Joined: Tue May 22, 2001 4:51 pm
Posts: 3072
Location: Massachusetts, USA
Dirk:

The links do not seem to be working.

<b><font color="gold">Ernie Sands
General, Commanding, Army of Ohio
Image
ACWGC Cabinet Member
ACWGC Records Site Administrator
</b></font id="gold">


Top
 Profile Send private message  
Reply with quote  
 Post subject:
PostPosted: Fri Feb 29, 2008 10:21 pm 
I had exactly zero trouble....the links worked just fine.....Regards, Hank

BG Hank Smith
Army of Georgia
Smith's Texas Division
Smith's Corp


Top
  
Reply with quote  
 Post subject:
PostPosted: Sat Mar 01, 2008 9:43 am 
Offline

Joined: Tue Dec 04, 2001 2:29 pm
Posts: 191
Location: USA
They checked out OK for me. The site will eventually kill the links after 7 days of non-activity though.

Lt. General Dirk Gross
XIV Corps/AoC

Image


Top
 Profile Send private message  
Reply with quote  
 Post subject:
PostPosted: Thu Mar 20, 2008 4:05 pm 
Offline

Joined: Thu Sep 11, 2003 4:32 am
Posts: 1696
Location: USA
Actually found some real documentation. I have been reading "The Artillery of Gettysburg" by Gottfried. It covers placement and movement of the guns of both sides in great detail. Unfortunately, he doesn't give a lot of evidence as to the effectiveness or lack of for the guns.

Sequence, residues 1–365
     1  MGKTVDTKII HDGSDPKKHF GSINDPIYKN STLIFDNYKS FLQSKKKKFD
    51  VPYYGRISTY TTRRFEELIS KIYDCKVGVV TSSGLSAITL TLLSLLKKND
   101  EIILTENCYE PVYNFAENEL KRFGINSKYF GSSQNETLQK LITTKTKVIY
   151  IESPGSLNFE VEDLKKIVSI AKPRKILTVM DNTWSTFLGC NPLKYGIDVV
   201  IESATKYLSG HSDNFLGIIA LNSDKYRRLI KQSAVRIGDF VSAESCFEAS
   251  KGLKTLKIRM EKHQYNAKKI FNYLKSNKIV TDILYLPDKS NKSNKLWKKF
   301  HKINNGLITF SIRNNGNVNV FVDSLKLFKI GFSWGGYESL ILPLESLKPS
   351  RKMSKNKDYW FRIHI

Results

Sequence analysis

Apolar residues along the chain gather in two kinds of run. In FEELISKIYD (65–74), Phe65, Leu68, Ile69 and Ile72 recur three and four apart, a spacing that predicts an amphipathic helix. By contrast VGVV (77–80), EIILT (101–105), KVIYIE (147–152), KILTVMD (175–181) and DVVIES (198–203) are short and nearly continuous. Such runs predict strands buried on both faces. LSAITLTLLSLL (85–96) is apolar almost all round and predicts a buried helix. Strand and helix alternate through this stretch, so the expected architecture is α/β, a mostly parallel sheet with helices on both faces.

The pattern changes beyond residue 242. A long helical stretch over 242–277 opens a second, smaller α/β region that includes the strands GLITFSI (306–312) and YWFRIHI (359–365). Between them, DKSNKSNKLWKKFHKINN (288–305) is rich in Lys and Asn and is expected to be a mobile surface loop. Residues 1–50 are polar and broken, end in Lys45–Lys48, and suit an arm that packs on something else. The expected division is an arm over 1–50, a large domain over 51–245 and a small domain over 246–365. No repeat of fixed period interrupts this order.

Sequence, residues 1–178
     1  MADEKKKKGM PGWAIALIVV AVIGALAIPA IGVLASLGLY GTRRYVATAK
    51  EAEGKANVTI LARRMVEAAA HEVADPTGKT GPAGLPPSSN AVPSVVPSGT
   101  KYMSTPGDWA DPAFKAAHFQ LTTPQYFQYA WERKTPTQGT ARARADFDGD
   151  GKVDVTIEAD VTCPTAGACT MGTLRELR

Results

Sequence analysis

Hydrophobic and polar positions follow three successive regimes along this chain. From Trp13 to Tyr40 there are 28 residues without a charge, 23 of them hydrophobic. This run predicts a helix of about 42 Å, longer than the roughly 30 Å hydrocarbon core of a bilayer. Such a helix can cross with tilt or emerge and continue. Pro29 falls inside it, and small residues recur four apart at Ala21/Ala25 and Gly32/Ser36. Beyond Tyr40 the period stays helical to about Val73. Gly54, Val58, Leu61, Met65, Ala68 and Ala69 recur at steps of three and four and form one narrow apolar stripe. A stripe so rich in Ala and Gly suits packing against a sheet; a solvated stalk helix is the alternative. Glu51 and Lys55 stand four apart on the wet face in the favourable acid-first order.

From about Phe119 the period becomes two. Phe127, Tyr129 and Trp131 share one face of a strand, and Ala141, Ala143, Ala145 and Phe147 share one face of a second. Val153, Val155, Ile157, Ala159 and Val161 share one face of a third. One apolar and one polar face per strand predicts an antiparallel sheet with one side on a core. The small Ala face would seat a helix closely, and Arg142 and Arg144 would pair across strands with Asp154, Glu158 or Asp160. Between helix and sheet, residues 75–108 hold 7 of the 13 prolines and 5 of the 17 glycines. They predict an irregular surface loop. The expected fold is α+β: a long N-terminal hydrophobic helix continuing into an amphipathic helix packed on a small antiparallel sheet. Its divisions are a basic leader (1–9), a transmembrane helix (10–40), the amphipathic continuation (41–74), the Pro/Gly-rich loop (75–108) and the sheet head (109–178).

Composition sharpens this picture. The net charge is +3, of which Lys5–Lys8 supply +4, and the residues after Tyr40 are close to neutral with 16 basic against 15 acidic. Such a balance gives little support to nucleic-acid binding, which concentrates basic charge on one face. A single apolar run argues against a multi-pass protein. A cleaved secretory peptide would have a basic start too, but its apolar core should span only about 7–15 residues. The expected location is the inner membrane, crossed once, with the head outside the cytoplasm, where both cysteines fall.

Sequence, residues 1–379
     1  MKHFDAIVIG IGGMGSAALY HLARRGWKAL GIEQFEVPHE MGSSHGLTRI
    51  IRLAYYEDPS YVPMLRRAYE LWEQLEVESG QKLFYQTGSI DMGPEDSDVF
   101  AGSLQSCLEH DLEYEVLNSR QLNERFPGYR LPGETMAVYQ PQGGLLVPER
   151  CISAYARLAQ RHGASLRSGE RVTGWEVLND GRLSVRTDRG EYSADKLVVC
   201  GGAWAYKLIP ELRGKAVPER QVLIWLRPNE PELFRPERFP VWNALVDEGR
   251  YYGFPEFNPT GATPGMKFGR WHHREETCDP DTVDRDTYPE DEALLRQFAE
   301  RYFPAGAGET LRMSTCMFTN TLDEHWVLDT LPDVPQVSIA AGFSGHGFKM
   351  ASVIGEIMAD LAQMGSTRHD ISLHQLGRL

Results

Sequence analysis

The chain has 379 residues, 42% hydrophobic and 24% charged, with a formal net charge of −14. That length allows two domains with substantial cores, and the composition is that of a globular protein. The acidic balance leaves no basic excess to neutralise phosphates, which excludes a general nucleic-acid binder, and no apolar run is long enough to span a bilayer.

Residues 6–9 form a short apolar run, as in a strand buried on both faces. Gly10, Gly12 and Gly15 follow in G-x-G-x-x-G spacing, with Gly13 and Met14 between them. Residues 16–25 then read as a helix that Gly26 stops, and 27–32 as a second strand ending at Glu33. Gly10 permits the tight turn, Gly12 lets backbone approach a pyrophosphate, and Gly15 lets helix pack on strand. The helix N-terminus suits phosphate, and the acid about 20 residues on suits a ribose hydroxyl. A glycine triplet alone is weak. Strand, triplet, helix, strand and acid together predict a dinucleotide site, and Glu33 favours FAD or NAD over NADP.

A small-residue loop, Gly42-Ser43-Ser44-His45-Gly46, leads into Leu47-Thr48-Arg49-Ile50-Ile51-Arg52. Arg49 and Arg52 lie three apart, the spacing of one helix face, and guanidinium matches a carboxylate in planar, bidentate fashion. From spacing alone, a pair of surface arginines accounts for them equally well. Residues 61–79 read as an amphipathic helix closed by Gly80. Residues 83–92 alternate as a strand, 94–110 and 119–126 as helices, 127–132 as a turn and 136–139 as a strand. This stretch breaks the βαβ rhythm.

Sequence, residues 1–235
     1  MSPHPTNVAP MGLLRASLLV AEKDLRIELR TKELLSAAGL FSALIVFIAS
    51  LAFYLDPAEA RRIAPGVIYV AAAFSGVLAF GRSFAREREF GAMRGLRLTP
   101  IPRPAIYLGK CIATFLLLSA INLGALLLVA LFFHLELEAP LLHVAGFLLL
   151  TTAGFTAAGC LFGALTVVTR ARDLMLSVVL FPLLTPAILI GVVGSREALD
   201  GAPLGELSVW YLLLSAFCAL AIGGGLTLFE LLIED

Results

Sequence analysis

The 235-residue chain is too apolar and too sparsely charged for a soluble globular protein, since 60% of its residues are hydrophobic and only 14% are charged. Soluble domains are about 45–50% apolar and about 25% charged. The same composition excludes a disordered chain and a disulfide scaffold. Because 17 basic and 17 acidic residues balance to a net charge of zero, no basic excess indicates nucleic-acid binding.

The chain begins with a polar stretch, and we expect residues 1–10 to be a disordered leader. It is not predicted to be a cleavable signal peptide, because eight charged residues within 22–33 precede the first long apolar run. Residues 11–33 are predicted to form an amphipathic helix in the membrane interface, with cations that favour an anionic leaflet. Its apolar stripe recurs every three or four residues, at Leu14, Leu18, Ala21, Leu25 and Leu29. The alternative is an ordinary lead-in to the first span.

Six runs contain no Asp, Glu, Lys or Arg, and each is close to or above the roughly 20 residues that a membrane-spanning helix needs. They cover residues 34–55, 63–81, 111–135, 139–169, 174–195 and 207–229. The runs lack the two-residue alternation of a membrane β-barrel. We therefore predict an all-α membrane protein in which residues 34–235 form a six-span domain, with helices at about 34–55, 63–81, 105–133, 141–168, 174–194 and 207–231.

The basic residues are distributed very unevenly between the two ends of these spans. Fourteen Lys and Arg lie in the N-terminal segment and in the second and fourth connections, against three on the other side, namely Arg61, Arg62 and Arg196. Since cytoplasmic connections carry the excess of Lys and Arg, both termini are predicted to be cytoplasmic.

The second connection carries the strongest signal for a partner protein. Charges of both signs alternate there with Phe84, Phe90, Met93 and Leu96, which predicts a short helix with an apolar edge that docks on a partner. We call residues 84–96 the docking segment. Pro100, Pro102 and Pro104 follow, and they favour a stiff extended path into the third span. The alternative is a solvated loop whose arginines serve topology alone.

From the first day, which is all the further I have gotten:

Jones' battery supporting Early's attack against Barlow lost four guns during the exchange with Wilkeson's artilery on Barlow's Knoll. Three guns were temporarially disabled due to loading the wrong size ammo (apparently a common problem with mixed batteries, rifled and napoleons together). These guns were later rendered useable for the 2nd and 3rd day. The fourth gun was permanently disabled when a Federal solid shell hit the face of the muzzle bending it. Heckman's Union battery covering the retreat through Gettysburg was overrun and lost two guns. One of the guns captured was sent to Jones' battalion to replace this lost gun.